Gene Expression and Regulation in Nervous System
Human neurodevelopment is a precisely regulated process that occurs over a protracted period. Neurogenesis is characterized by global changes in the transcriptomes and proteomes of differentiating cells. Also, brain development and function depend on the precise regulation of gene expression. Subsequent steps of neuronal development, including neuronal migration, axonal and dendritic outgrowth, the establishment of synaptic connections, and neuronal plasticity, are further refined by coordinated, Spatio-temporal crosstalk among various gene regulatory pathways. Many technical approaches with greater sensitivity and throughput could uncover new connections between gene expression and central nervous system (CNS) function.
In nervous systems, alternative splicing has emerged as a fundamental mechanism for diversifying protein isoforms and the spatiotemporal control of transcripts. Alternative splicing has played a major role in the evolutionary expansion of proteomics and functional complexity in the nervous system, including but not limited to synaptogenesis, neuronal growth, neurite outgrowth, axon guidance, neuronal network function, ion channel activity.
The nervous system contains many cell types, with estimates ranging from hundreds to thousands of different kinds of neurons and glial cells. This diversity of cell types poses a challenge for those attempting to understand the function of selected cellular subpopulations because the tools for manipulating gene expression in these subsets are limited. Many technologies such as bacterial artificial chromosomes (BACs) have greatly facilitated the manipulation of gene expression in specific cell types in the nervous system.
Fig.1 Neuronal activity and calcium influx regulate the function of several transcription factors in neurons. (Ooi, 2008)
Chromatin structure plays important roles in the nervous system, directing differentiation and development, regulating neuronal activity, and assisting in maintaining neuronal memory. One of the critical functions for chromatin regulation in the brain involves tightly controlling gene expression patterns in a cell-type-specific manner during CNS development. The established link between disease and chromatin modifications provides the scaffold for novel therapeutic opportunities in the CNS.
Clock genes are a family of regulatory proteins capable of modulating gene expression through DNA binding areas termed E-box sites; typically, this is achieved in a circadian or diurnal fashion. In mammals, the temporal pattern of clock gene expression generated in each suprachiasmatic nucleus (SCN) neuron is amplified and spreads its signals through the brain. Using neurons in culture as a model, further research is needed to better understand the modulation of the expression dynamics of clock genes (i.e., intracellular signaling pathways) and thereby influences neuronal gene expression, neuronal transmission, and brain functioning.
Fig.2 Molecular core oscillator and cell clocks in the SCN and peripheral organs. (Okamura, 2004)
Substantial studies have gathered evidence supporting the idea that dysregulation of the gene expression of neural cells plays an important role in diverse pathological processes in the CNS. Dysregulation of gene regulatory networks rather than DNA repair defects may be the leading cause of symptoms in neurological diseases. The dynamic nature of gene expression makes it a complex topic for investigation, but it also introduces therapeutic opportunities since specific modulating drugs may soon be available.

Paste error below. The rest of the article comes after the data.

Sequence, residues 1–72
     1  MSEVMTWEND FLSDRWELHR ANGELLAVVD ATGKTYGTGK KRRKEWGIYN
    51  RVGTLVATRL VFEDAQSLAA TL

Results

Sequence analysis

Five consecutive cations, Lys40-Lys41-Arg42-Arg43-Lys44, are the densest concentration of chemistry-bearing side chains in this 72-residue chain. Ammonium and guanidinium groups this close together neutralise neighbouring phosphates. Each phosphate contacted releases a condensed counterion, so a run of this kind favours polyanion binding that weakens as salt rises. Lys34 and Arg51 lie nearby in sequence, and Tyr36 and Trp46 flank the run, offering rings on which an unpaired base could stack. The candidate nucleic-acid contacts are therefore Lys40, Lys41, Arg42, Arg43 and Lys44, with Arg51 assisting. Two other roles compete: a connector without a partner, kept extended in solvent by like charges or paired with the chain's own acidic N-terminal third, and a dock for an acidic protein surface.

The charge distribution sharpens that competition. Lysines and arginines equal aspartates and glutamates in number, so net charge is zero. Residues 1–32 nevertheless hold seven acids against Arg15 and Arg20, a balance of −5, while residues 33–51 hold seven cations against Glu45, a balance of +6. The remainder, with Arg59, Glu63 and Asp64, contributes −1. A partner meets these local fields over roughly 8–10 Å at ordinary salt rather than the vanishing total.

Single-cell genomics has made increasingly significant contributions to our understanding of the role of somatic genome variations in human neuronal diversity and neurological diseases. Studying intercellular genome and epigenome variations has provided new clues to the delineation of molecular mechanisms that regulate the human CNS’s development, function, and plasticity. It has been shown that changes in genomic content and epigenetic profiling at the single-cell level can be involved in the pathogenesis of neuropsychiatric diseases (schizophrenia, mental retardation (intellectual/learning disability), autism, Alzheimer’s disease, etc.).
Fig.3 Technological principles of single-cell genomics of the brain. (Y Iourov, 2012)
Research and progress in the CNS have been enhanced by a comprehensive analysis of the brain's Spatio-temporal dynamics control of gene expression. Controlling neural activity with high Spatio-temporal resolution is desired for studying how neural circuit dynamics control animal behavior. In particular, researchers focus on the Spatio-temporal regulation of neurexin, a synaptic adhesion molecule, by neuronal cell type-specific factors and neuronal activity, which are considered important for characterizing neural development and function within the mammalian CNS.
The discovery of RNA interference (RNAi) and the technology based on small interfering RNA (siRNA) now offers a powerful and highly specific tool for therapeutic gene transcriptional silencing. Many neurological diseases related to the nervous system, including neurodegenerative disorders, tumors, and retinal disease, are likely candidates to benefit from such advances. Thus, technologies that allow effective and precisely targeted gene transcriptional silencing within the complex environment of the nervous system are likely to have significant therapeutic potential.
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- Ooi, L.; Wood, I. C. Regulation of gene expression in the nervous system. Biochemical Journal. 2008, 414(3), 327-341.
- Okamura, H. Clock genes in cell clocks: roles, actions, and mysteries. Journal of Biological Rhythms. 2004, 19(5), 388-399.
- Y Iourov, I.; et al. Single cell genomics of the brain: focus on neuronal diversity and neuropsychiatric diseases. Current genomics. 2012, 13(6), 477-488.